Slow Food Maui actually has a program called Taste Education which is a series that includes classes on raising poultry and butchering it. I haven’t attended but thought it was interesting as it presents a more complete picture of the local farming industry (as opposed to just focusing on fruits and vegetables). My parents used to buy 1/2 a cow from upcountry farmers here when we were growing up. The local cattle farmers here have also been making the effort to provide education on the industry.

    I don’t eat as much meat now but I do eat eggs, sushi and poke (sashimi cut in cubes and marinated in a sauce made either of shoyu/oil or pepper/mayo). I also eat cheese. I could easily go without beef and pork but would have a harder time not eating fish and eggs. But it is much less than I used to. Except for breakfast, the veggies are usually the maint “feature” of my meals now.

    Reply
    1. saverspender @ save. spend. splurge.

      I remember people getting disgusted with my eating sushi when I was a kid!!!!!

      Can you believe that now, it is considered normal to eat sushi? I was teased and bullied for my weird food habits by the same kids who now love it as adults. Ironic.

      Reply
  9. Troy

    So true! I think the cause of this hypocrisy is that people nowadays are just getting too “soft”.
    Think of it this way – travel back in time 200 years when everyone pretty much lived on their own farm – was this ever an issue? Of course not! You had to do the killing yourself if you wanted to eat meat, which pretty much meant that people saw death on a daily basis.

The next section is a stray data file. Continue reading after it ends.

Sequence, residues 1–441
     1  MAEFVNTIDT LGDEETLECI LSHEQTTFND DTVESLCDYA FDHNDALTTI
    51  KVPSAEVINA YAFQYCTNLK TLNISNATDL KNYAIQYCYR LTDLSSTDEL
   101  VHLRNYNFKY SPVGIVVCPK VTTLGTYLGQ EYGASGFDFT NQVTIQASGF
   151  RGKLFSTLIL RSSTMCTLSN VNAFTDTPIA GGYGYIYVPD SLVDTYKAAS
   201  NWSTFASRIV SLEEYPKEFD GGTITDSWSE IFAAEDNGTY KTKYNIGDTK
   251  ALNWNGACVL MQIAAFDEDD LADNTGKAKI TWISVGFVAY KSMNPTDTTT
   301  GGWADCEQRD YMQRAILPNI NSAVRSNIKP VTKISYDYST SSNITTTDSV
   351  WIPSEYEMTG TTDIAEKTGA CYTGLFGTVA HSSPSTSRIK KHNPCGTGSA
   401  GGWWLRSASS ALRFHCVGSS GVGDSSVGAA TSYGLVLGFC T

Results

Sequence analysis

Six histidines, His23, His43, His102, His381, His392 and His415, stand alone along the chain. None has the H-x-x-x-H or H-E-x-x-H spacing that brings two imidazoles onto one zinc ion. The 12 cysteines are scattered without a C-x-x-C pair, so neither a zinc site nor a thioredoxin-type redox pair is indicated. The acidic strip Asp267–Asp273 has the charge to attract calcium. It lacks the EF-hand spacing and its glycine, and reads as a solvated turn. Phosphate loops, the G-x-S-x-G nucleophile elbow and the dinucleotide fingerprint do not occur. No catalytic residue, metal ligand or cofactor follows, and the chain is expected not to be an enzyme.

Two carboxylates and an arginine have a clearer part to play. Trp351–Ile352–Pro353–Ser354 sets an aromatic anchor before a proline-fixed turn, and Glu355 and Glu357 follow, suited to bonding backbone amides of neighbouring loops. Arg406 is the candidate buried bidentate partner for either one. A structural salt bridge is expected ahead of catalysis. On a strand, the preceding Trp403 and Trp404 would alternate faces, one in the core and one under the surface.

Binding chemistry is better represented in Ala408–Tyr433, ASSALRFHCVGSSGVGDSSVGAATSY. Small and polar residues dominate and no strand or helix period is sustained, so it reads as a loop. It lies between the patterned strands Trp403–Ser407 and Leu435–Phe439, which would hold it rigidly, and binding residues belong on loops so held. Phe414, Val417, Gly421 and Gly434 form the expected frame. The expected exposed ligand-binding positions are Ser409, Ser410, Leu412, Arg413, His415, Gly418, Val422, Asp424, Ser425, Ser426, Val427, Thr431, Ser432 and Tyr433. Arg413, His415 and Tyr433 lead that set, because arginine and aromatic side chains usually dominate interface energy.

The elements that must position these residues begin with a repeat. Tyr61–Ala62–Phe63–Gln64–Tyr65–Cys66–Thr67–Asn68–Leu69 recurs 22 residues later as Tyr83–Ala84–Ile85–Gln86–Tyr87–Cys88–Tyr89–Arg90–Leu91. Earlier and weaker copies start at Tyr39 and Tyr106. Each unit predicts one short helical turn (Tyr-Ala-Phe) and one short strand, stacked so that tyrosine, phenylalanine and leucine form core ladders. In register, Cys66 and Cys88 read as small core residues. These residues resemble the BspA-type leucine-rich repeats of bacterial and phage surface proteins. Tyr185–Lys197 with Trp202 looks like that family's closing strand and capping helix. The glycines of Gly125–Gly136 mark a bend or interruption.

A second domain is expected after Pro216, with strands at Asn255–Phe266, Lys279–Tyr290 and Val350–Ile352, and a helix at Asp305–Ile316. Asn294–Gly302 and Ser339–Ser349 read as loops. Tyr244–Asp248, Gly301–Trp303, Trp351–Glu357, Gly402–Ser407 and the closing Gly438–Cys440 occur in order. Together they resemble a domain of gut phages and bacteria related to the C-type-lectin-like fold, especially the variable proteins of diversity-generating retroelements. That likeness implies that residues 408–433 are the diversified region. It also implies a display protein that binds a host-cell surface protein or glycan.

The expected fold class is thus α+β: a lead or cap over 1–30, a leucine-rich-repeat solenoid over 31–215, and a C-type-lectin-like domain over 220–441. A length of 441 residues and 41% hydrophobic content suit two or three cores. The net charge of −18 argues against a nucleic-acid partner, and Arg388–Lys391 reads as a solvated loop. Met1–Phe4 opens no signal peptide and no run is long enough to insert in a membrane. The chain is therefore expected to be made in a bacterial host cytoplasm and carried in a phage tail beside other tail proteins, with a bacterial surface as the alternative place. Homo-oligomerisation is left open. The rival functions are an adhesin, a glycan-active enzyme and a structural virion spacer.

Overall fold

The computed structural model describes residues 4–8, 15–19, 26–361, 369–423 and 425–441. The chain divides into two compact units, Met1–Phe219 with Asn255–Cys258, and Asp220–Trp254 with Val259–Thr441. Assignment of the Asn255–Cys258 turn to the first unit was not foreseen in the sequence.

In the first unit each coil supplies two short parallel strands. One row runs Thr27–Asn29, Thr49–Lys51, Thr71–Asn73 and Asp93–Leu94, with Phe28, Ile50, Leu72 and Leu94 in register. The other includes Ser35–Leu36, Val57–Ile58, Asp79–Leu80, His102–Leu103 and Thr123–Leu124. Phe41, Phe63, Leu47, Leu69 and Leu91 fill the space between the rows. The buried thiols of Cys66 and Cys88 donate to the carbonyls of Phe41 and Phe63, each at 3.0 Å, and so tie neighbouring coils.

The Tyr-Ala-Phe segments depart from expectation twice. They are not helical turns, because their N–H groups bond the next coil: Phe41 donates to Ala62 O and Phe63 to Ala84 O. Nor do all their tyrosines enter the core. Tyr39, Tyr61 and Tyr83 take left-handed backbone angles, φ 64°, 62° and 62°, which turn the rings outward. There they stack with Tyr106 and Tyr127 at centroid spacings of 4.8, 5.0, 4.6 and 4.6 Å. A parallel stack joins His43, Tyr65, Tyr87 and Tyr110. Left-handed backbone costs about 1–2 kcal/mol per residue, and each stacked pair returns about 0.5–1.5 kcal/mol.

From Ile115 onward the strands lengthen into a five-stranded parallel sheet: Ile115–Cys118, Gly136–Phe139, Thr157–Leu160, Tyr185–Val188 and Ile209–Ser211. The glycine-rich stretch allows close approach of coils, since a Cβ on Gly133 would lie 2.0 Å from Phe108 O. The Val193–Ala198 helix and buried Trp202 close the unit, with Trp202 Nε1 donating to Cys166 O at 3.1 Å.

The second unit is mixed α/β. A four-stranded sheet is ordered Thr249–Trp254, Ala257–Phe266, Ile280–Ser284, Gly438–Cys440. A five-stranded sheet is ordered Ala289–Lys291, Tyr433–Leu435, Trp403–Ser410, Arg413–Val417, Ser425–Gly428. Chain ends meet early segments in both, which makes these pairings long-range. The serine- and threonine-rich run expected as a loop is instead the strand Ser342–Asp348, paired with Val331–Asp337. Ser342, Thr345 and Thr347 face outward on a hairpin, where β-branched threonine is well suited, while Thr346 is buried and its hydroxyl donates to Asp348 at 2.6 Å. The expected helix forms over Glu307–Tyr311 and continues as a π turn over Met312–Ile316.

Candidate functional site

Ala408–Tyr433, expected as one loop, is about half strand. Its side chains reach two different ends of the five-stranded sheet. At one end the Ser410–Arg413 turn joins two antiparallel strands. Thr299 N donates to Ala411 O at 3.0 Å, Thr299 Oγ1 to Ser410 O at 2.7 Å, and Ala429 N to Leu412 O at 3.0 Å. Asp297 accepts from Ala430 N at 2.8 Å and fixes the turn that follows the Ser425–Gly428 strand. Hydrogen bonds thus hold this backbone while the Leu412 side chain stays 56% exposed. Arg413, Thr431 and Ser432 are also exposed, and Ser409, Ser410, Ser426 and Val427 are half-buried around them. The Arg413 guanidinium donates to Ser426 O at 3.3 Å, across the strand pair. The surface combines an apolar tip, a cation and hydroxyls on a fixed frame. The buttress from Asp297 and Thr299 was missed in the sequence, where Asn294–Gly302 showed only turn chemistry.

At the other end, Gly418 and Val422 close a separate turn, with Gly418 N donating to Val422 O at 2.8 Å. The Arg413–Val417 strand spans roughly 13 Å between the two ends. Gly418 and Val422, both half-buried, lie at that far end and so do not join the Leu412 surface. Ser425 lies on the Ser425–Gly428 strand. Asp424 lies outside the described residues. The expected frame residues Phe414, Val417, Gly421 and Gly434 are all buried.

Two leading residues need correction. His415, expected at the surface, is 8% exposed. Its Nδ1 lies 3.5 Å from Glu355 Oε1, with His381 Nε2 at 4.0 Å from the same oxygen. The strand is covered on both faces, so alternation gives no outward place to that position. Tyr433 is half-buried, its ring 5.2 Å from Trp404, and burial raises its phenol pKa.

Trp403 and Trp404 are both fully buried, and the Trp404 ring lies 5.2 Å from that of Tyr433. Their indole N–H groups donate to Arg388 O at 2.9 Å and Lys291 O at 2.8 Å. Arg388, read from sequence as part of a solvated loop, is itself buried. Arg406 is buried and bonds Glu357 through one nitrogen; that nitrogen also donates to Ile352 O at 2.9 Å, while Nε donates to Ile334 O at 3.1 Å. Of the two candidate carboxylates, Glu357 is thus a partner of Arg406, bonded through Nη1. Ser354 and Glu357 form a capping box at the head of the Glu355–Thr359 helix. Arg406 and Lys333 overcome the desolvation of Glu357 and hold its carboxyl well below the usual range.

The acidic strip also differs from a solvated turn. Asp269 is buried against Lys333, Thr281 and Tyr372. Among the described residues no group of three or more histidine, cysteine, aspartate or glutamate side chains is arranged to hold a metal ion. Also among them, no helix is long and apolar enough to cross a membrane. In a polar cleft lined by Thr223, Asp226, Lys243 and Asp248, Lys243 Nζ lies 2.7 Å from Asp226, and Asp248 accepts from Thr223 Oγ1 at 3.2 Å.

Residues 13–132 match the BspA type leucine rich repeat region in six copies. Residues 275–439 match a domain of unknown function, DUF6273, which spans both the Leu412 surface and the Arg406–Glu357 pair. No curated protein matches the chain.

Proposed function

Nowadays, we’re so far removed from the reality of what meat really is, that (like you said) people get grossed out by the sight of killing animals.

    Reply
    1. saverspender @ save. spend. splurge.

      For me, as long as the animal is not tortured and is butchered with as little pain as possible, I’m fine with eating meat. Quick push of a knife down the lobster head rather than throwing it in, live into a boiling pot, is good for me.

      It is really disturbing when you pay attention to the way meat is mass produced in factories because they do nothing of that sort. No trace of this traditional butchering in a fast, kind way at all. The cows go up the ramp, scared witless and it is really not a pleasant thing.

      Reply
  10. Sheryl @ Cdn Dream at 45